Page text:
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Division of Urology

Pediatric Urology Conditions

Micropenis

What is micropenis?

Micropenis is defined as a penis that has developed normally in terms of structure and appearance, but is smaller than the normal range for an infant. Normally, a full term newborn boy's penis measures between 2.8 to 4.2 cm long when carefully stretched and measured from the tip to the base of the penis. A penis smaller than 1.9 cm long is usually considered micropenis.

What causes micropenis?

Genital development involves a complex sequence of events that are dictated by chromosomes and hormones. If the body does not produce enough androgens (the hormones that cause male genital development) or if the body does not react fully to the hormones produced, the development of the genitalia will be affected. Micropenis is likely caused by an insufficient production of androgen during fetal development.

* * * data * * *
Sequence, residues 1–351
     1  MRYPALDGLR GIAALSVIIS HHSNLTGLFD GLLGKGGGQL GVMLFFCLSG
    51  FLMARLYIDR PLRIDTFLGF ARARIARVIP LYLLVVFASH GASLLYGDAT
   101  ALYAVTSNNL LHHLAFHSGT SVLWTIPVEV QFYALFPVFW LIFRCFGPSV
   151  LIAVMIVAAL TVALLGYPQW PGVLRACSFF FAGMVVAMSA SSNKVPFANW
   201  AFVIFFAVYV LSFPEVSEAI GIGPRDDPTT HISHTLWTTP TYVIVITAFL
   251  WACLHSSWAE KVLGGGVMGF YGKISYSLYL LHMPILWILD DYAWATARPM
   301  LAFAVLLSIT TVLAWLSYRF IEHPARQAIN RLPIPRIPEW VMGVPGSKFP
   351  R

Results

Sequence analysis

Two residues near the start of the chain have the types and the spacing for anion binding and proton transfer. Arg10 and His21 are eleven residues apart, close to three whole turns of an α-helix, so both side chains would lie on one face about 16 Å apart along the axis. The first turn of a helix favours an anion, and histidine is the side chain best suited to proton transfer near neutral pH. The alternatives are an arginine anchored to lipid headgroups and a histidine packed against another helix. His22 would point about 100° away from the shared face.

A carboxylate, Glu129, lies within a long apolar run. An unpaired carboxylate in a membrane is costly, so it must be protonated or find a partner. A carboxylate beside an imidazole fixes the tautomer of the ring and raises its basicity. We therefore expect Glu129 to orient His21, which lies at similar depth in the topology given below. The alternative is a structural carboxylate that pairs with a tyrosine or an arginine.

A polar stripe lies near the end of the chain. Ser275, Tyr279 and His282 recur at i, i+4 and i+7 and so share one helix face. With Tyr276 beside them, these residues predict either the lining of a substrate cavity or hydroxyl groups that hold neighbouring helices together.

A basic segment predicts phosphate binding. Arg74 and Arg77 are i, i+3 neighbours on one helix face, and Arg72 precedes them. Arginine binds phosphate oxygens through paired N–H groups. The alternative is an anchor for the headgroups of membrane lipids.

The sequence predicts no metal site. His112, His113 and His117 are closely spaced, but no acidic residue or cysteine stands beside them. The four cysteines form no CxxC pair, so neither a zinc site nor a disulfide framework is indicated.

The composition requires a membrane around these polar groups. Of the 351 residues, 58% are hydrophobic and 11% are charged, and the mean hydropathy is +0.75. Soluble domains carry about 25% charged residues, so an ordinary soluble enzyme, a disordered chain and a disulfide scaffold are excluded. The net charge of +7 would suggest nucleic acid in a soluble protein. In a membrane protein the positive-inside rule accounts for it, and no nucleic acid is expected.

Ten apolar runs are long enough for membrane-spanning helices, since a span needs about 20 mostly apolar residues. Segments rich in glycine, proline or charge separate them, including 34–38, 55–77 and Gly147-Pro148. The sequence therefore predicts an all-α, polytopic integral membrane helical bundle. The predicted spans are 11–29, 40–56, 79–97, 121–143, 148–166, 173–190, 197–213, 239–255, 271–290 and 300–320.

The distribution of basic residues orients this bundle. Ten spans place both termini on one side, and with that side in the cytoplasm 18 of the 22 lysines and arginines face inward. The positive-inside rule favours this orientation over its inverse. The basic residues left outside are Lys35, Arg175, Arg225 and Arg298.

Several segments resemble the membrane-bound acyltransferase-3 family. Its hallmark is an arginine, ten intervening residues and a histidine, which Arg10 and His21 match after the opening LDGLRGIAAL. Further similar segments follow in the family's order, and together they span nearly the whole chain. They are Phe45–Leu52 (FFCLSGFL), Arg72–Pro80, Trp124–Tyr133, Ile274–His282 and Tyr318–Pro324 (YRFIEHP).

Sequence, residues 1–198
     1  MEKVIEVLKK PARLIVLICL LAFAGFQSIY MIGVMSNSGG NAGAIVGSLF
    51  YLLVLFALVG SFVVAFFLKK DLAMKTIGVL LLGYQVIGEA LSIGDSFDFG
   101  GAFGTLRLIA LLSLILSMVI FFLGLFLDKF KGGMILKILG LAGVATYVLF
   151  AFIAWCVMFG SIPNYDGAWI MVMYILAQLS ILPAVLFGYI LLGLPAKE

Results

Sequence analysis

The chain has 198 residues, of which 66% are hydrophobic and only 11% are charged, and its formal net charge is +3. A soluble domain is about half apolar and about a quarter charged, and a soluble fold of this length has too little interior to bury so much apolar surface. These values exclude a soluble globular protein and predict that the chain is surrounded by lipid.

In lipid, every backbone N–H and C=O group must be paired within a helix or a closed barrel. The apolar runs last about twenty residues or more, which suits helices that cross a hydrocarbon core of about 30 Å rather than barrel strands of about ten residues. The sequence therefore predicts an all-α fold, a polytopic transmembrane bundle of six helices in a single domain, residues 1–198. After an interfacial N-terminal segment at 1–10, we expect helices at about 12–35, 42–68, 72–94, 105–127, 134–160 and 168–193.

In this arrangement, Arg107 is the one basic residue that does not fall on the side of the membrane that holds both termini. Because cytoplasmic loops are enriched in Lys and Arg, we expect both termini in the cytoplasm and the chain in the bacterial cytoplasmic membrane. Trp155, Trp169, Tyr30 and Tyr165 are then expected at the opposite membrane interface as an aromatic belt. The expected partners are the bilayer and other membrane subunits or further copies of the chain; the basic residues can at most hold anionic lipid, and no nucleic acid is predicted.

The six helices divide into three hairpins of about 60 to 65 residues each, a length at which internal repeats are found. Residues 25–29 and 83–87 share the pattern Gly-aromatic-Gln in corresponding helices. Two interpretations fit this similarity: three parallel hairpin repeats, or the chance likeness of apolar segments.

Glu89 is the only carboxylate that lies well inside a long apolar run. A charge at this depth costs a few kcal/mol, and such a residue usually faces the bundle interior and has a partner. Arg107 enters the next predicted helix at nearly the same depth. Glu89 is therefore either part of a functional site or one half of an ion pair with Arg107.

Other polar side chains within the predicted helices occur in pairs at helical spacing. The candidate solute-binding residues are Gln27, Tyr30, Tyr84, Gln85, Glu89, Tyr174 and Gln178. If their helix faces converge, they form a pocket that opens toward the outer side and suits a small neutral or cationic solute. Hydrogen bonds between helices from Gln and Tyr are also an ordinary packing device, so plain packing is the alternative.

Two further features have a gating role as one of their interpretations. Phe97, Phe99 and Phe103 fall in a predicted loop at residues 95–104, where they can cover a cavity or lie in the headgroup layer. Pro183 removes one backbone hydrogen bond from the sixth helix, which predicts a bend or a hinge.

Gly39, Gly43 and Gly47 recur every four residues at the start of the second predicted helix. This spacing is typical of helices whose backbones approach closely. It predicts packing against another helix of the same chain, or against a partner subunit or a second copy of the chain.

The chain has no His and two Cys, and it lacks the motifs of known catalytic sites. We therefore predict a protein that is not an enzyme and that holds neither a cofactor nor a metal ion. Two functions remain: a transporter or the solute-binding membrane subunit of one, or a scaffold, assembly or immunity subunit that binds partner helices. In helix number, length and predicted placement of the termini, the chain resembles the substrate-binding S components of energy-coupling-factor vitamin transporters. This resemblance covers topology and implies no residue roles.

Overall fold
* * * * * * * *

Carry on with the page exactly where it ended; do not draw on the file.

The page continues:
How is micropenis diagnosed?

Diagnosis is usually made by physical examination. It is important to have your child diagnosed by a doctor. Many times, the doctor’s evaluation finds that the penis size is very much within the normal range. A penis may appear smaller than average if the child has a large suprapubic fat pad. Your child will be evaluated by a urologist through our program for Disorders of Sex Development. We will help facilitate an evaluation with an endocrinologist (a physician who specializes in hormones) if necessary.

Our approach to treating micropenis

Specific treatment for micropenis will be determined by your child's physician. Hormone therapy may be indicated for some children to stimulate penile growth.

Our team includes a psychologist who will be available to you and your child to help facilitate healthy adjustment to this condition over time.

Reviewed by: Division of Urology
Date: June 2011

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